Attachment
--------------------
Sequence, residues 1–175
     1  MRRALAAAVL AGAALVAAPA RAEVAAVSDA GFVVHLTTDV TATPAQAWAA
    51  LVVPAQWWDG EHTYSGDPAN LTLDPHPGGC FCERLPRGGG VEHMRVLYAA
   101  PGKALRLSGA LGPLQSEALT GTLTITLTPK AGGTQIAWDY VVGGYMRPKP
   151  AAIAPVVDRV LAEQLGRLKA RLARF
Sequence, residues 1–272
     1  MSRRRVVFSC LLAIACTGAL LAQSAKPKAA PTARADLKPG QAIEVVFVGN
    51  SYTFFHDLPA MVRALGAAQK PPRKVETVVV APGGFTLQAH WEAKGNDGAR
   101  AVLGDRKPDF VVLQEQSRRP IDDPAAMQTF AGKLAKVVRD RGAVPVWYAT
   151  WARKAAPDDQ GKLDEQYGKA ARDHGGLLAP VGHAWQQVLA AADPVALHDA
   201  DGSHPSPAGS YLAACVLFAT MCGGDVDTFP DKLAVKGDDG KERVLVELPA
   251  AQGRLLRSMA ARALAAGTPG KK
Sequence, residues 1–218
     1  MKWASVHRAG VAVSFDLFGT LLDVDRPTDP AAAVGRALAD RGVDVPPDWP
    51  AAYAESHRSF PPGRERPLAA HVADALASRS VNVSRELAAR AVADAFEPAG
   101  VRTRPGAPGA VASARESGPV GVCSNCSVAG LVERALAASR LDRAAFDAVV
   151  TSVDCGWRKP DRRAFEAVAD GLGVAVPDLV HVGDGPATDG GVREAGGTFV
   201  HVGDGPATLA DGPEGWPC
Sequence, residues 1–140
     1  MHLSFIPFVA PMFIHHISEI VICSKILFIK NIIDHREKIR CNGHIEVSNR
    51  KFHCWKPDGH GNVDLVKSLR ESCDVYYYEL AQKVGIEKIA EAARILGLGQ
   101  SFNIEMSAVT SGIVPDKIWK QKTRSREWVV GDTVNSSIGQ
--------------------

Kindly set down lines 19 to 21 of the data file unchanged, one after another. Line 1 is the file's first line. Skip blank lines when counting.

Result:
Sequence, residues 1–140
     1  MHLSFIPFVA PMFIHHISEI VICSKILFIK NIIDHREKIR CNGHIEVSNR
    51  KFHCWKPDGH GNVDLVKSLR ESCDVYYYEL AQKVGIEKIA EAARILGLGQ